The European Union (EU) has suspended Union membership negotiations with Serbia following Belgrades' failure to handover Ratko Mladic to the International Criminal Tribunal for Yugoslavia (ICTY). The Serbian government insisted that it was trying to meet the EU deadline and arrest Mladic , but the ICTY received no indication that an arrest was imminent. (Agence France Presse)
The death of former Yugoslav President Slobodan Milosevic has put pressure on the Serbian government's to hand over Ratko Mladic and Radovan Karadzic, to the International Criminal Tribunal for Yugoslavia (ICTY). Many Serbs, angered by Milosevic's death in custody, are openly speaking against surrendering Mladic and Karadzic, fearing they would face the same fate. (Balkan Investigative Reporting Network)
Reports of the capture of former Serbian General Ratko Mladic have not yet proven true. But the Independent believes justice is closing in on Mladic. The European Union (EU) has put serious pressure on Belgrade to surrender Mladic if Serbia wishes to join the EU. The European Commission is reportedly holding talks on slowing down aid and trade negotiations. The Serbian government has recently shown new readiness to hand Mladic over and it has already surrendered lesser suspects to The Hague.
Belgrade is under increasing international pressure to hand over Ratko Mladic to the International Criminal Tribunal for Yugoslavia. The Serbian government has expressed interest in beginning inclusion talks with the European Union. The EU, in turn, has made Mladics' capture one of the prerequisites for beginning any form of official diplomatic relations. (Institute for War and Peace Reporting)
This Radio Free Europe/Radio Liberty article offers speculations on the reasons why powerful international military forces remain unable to catch Ratko Mladic and Radovan Karadzic. Whether the two former Serb leaders remain at large due to unstated NATO policy, Muslim and Croatian politicians fear of war secrets revelations or Serb authorities' unwillingness to take political risks, the author affirms that the fugitives are a source of embarrassment to NATO and former Yugoslavia Tribunal officials.
Human Rights Watch (HRW) argues that it is "simply implausible" that the joint capabilities of NATO and the Serbian government are so poor that former Bosnian President Radovan Karadzic and his military leader Ratko Mladic remain at large despite numerous public sightings. HRW calls on Serbia, the EU, and NATO to fulfill their legal and moral obligations and hand the two war criminals over, stating that "the victims of Srebrenica should not have to wait another decade for justice."
Former Bosnian Serb military leader Ratko Mladic has agreed to surrender to the International Criminal Tribunal for the Former Yugoslavia in return for $5 million. Prosecutors in The Hague are prepared to â€œturn a blind eye to the means used to persuade Mladic? but some fear that such negotiations risk damaging the legal system and will further empower the shadowy Serb oligarchs that brokered the deal. (Times)
According to a former Serbian military sergeant, the army of Serbia and Montenegro is hiding Ratko Mladic, one of The Hagues' most wanted war crimes suspects. The ex-sergeant defected from the army in late 2004, but believes Mladic continues to evade capture by moving between Bosnia and Serbia proper. He claims the conservative and strongly nationalistic army has even held a meeting on how to improve Mladics' security. (Independent)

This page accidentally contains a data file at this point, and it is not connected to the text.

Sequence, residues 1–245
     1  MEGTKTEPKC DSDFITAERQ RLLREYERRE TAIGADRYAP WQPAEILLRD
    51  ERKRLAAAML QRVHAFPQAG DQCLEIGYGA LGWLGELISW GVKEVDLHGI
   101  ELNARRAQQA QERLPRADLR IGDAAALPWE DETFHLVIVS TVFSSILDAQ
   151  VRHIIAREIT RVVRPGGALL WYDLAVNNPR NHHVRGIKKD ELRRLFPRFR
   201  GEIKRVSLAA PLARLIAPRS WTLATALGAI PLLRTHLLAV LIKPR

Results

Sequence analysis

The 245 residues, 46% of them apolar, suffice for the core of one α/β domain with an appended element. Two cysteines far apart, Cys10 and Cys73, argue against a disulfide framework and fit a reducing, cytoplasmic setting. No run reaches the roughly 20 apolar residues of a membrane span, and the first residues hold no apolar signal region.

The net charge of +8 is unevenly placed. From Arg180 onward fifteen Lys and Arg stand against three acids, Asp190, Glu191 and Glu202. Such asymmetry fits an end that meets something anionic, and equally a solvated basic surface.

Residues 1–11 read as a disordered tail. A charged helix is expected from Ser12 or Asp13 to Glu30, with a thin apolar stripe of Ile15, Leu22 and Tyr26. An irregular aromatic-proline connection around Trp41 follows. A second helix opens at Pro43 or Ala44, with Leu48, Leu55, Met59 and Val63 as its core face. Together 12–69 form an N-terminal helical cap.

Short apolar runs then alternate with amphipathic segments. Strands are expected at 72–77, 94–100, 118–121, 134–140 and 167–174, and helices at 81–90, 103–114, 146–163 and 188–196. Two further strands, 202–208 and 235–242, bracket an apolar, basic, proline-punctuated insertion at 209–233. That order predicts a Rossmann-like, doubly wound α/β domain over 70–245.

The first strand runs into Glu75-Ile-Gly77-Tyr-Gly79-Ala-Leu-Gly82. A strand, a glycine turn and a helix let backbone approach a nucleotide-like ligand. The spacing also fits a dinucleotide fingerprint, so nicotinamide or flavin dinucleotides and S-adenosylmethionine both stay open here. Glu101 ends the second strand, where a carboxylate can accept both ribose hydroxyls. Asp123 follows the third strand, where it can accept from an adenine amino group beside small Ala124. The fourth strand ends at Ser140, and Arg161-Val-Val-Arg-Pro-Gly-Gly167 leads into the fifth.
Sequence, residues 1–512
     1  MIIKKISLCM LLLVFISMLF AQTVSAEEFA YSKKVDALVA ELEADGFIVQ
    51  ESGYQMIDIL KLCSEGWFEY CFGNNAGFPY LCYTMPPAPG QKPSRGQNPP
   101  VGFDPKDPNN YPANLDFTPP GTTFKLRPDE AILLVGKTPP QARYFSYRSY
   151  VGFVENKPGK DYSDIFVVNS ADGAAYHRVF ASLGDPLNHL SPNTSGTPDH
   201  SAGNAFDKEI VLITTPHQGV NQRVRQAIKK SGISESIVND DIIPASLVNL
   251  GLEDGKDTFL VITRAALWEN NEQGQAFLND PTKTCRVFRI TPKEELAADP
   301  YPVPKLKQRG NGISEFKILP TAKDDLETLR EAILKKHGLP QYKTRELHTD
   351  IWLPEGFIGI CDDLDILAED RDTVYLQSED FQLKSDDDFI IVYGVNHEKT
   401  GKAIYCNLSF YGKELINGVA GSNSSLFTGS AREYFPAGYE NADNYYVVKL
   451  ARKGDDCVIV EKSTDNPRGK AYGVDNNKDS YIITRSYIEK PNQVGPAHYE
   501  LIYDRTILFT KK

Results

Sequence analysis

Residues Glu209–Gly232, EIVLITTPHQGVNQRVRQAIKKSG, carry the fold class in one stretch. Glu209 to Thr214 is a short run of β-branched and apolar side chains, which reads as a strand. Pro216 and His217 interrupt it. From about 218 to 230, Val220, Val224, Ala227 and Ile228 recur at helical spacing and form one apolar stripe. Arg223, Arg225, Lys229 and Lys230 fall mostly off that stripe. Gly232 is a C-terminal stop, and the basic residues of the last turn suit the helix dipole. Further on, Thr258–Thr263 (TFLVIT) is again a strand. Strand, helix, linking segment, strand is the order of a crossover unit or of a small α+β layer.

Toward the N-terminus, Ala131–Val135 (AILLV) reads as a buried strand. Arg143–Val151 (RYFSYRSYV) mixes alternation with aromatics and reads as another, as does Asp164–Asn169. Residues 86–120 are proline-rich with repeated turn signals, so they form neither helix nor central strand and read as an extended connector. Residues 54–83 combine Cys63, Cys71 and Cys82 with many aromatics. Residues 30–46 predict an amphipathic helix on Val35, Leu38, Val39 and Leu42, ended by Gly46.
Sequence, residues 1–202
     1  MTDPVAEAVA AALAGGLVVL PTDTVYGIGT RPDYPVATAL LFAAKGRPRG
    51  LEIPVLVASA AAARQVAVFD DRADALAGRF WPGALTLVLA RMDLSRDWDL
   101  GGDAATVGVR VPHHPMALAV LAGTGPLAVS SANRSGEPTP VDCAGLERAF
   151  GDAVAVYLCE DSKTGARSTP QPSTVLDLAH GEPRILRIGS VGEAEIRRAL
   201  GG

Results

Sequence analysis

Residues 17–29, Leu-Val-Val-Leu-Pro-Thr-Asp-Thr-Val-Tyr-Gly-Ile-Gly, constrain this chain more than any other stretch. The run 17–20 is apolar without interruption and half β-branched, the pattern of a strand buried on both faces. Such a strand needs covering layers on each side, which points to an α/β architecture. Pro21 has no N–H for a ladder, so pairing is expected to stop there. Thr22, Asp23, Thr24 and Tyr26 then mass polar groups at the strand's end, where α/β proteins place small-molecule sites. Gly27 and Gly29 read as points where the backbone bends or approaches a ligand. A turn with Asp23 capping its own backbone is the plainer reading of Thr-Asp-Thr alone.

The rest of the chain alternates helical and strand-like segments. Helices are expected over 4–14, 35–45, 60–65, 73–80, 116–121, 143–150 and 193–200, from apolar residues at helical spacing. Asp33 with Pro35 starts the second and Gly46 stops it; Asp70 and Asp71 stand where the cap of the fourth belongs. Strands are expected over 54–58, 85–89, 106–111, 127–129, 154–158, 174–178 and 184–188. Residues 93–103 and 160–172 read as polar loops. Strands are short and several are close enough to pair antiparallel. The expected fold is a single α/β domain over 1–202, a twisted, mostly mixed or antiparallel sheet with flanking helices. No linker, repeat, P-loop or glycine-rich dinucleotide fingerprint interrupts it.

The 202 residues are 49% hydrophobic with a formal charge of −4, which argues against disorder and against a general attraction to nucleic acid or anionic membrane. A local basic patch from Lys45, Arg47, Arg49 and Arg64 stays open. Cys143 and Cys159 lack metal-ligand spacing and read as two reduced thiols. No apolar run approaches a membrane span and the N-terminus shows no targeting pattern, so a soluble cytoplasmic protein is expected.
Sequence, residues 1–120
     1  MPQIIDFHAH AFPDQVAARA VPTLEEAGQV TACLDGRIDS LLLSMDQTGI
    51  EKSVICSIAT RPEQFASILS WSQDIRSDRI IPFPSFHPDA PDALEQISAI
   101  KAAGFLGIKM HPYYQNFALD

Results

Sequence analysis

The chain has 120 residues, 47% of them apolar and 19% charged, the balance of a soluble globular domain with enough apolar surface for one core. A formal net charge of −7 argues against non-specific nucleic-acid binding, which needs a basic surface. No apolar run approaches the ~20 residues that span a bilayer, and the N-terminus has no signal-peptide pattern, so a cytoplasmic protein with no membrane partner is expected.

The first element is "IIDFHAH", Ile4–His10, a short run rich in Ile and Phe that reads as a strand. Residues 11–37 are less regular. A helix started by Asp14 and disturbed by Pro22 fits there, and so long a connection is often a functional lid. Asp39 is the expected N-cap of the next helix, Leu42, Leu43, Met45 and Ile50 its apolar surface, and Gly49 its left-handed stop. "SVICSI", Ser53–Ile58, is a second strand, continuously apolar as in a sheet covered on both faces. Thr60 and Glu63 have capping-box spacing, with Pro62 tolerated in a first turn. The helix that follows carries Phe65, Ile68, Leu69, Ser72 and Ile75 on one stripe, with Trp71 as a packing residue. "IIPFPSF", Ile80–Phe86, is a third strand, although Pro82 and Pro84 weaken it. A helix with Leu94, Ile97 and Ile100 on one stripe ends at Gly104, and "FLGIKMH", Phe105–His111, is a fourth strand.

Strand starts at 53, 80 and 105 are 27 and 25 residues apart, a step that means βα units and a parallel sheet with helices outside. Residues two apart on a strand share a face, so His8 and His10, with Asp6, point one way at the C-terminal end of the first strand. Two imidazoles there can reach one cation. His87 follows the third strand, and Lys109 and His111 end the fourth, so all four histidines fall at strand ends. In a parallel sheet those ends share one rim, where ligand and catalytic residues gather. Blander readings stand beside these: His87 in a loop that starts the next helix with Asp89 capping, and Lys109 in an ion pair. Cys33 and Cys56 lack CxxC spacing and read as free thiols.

Milan Gvero, a close aide? to former Bosnian Serb army chief Ratko Mladic, has turned himself in to the International Criminal Tribunal for Yugoslvia and now faces war crimes charges. According to the Independent, Belgrade sweetened? Gvero's surrender with cash compensation for service to the homeland? Hague prosecutors believe Gvero knows where Mladic is hiding.
Documents leaked to a Sarajevo newspaper revealed that former Bosnian Serb General Ratko Mladic received pensions from former Yugoslavia until 2001 and the Bosnian Serb army until 2002, further indicating blatant disregard of the Dayton Peace Accords and the Hague war crimes tribunal by former Yugoslav states. Analysts believe the discovery will cause the international community to change pressure tactics especially on the Serbian government, which has yet to hand over any war criminals to the tribunal. (Institute for War and Peace Reporting)
The Boston Globe argues that NATO's withdrawal from Bosnia will push international and local officials to apprehend former Bosnian Serb President Radovan Karadzic and his top military commander Ratko Mladic. Speculations of their surrender in Bosnian newspapers have been bolstered by Chief UN War Crimes Prosecutor Carla del Ponte's pledge that Karadzic will be arrested very soon?
Serbian top officials reiterated their claim that former Bosnian Serb military leader Ratko Mladic is no longer hiding in the country, urging the International Criminal Tribunal for Yugoslavia to have a certain amount of trust" in the Serbian authorities. (Associated Press)
The European Union, the US and the Hague court continues to put immense pressure on Belgrade to hand over former Bosnian Serb army chief Ratko Mladic. All involved parties employ different tactics to persuade Belgrade, often standing in the way of each other. (Institute for War & Peace Reporting)
The US Congress may block aid to Serbia to pressure Belgrade to surrender former Bosnian Serb army chief Ratko Mladic to the ICTY. The US also cuts foreign aid to countries refusing to exempt US citizens from the jurisdiction of the International Criminal Court. What exactly is the US more interested in: bringing war criminals to justice or cutting down on government spending? (Institute for War & Peace Reporting)
The Institute for War & Peace Reporting looks into Captain Momir Nikolic's inside account on the massacre at Srebrenica. Nikolic further incriminates General Ratko Mladic and other major actors involved.
The hunt continues for Ratko Mladic, indicted for genocide during the 1992-5 war in Bosnia. International peacekeepers have so far been unable to apprehend either Mladic or his former commander,Radovan Karadzic. (Reuters)
This article provides a brief sketch of Mladic's background and his role as General of the Bosnian Serb army duting the massacre of civilians in Srebrenica, the largest European genocide since World War II. (BBC)
This is an account of the critical days leading up to the killing of 7000 refugees in the Bosnian town of Srebenica, where tens of thousands of civilians had taken refuge from earlier Serb offensives in north-eastern Bosnia. Mladic was general. (BBC)